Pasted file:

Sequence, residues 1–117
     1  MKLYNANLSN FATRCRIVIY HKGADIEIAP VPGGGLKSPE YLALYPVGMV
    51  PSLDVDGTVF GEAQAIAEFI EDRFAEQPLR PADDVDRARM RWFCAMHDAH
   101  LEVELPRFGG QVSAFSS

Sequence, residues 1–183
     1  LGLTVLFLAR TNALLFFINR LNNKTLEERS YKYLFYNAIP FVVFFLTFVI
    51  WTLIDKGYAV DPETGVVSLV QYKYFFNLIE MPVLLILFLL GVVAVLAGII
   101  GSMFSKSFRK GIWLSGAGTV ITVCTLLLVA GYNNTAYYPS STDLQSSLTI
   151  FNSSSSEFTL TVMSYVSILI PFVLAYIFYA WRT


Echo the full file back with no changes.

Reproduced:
Sequence, residues 1–117
     1  MKLYNANLSN FATRCRIVIY HKGADIEIAP VPGGGLKSPE YLALYPVGMV
    51  PSLDVDGTVF GEAQAIAEFI EDRFAEQPLR PADDVDRARM RWFCAMHDAH
   101  LEVELPRFGG QVSAFSS

Sequence, residues 1–183
     1  LGLTVLFLAR TNALLFFINR LNNKTLEERS YKYLFYNAIP FVVFFLTFVI
    51  WTLIDKGYAV DPETGVVSLV QYKYFFNLIE MPVLLILFLL GVVAVLAGII
   101  GSMFSKSFRK GIWLSGAGTV ITVCTLLLVA GYNNTAYYPS STDLQSSLTI
   151  FNSSSSEFTL TVMSYVSILI PFVLAYIFYA WRT